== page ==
Florence enjoyed the retail side of the company introducing books, stationery, fancy goods, artists' materials and picture frames. Jesse and Florence began to develop a concept of Boots shops as department stores.
1885 Then followed an investment in the manufacturing side of the business. Jesse wanted the company to be self-contained so that he could control both prices and quality and to be the 'Largest, Best and Cheapest'. He then took a lease on three rooms in Island Street in Nottingham.
1888 To build public confidence in the quality and purity of his products, Jesse renamed the business Boots Pure Drug Company Limited. The company was registered on 7 November. 
1891 Jesse secured the lease on a property in Nottingham town centre. The premises were largely rebuilt, with a gallery supported by a colonnade of cast iron pillars and mahogany counters. This became the model for future Boots stores throughout the country.
By 1892 he had taken over the whole building and further properties around Island Street and Parkinson Street. Over 80 staff, including a large proportion of women, were employed in packing, bottling, shop fitting, printing, advertising, laboratory work and accounts. The Island Street works were ideally sited for developing the company's distribution system as they were convenient to the canal, main roads and railway stations,.
By 1893 Jesse had opened 33 stores, with 7 branches in Nottingham, and extended further south, into East Anglia, and the West Midlands.
1900 At the turn of the century, there were 250 Boots stores in the retail chain. As well as opening new branches, Jesse acquired existing chemist's firms, including William Day's Southern Drug Company, a chain of 60 stores in London and the south of England.
Florence Boot, inspired by her interest in literature and the arts, founded a subscription library, the Boots Booklovers' Library. She also had the idea of opening elegant cafés in the larger stores. These had an impact on sales, attracted the more affluent middle classes to shop at Boots and encouraged loyalty.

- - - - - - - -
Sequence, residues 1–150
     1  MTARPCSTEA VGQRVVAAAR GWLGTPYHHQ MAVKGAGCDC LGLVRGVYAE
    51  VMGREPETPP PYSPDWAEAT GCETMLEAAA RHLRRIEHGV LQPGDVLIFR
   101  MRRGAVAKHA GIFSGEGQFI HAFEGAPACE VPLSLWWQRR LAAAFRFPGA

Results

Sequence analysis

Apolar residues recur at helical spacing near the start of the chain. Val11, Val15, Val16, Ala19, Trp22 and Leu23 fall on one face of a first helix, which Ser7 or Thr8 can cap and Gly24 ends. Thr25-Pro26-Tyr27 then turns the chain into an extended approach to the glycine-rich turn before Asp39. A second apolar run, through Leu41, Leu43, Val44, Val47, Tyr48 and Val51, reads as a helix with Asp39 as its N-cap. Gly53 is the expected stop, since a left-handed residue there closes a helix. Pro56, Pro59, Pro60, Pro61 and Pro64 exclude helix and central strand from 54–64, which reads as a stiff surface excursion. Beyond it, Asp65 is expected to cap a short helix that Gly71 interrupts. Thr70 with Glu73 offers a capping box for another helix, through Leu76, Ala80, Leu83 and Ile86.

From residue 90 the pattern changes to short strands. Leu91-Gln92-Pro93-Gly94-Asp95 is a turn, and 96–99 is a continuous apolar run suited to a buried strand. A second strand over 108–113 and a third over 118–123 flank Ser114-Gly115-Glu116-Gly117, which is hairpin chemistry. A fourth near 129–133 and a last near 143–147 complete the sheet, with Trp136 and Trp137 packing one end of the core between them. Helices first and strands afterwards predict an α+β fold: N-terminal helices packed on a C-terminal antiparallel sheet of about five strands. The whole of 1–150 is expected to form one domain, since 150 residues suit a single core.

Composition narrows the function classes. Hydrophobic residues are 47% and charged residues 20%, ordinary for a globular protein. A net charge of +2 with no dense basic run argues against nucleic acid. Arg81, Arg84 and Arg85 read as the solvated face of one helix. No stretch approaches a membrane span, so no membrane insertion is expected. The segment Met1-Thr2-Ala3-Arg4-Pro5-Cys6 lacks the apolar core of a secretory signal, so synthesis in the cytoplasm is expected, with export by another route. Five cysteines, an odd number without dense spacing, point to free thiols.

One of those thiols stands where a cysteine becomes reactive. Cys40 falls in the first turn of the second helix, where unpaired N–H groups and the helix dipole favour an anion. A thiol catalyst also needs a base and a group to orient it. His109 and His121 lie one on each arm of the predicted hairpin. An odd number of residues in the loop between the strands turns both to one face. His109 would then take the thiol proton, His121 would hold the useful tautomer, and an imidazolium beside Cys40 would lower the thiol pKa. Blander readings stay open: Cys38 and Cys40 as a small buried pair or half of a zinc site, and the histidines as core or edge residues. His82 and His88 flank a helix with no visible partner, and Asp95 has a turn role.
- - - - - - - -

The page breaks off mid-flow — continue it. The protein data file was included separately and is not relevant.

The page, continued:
1908 The Pharmacy Act confirmed the legal right of large companies and stores such as Boots to offer dispensing services.
1911 The Health Insurance Act extended medical benefits to ordinary working people and there was a dramatic increase in the number of prescriptions.
1913 Sales in the 560 Boots stores across England Wales and Scotland amounted to over £2.5 million a year.
Boots made a significant contribution to the war effort, producing items for men at the Front, such as water sterilizers, vermin powder and anti-fly cream. Many fine chemicals, such as aspirin and saccharin, had previously been imported from Germany; Jesse anticipated a shortage in supply. He enlarged the company's scientific laboratories and production facilities and manufactured for the government, domestic and overseas buyers. Over 900 women were involved in the manufacture of box respirators, used as gas masks. Over 5 million of these were produced throughout the war.
Post-WW1. Jesse Boot began to consider the company's future. He anticipated that the business would soon face a post-war depression, as well as greater competition. Increasingly disabled by arthritis, Jesse would soon need to relinquish control.
1920 Louis Liggett, the head of the United Drug Company, one of the largest pharmaceutical firms in America, made an offer to purchase the company for £2.25 million and the sale was agreed.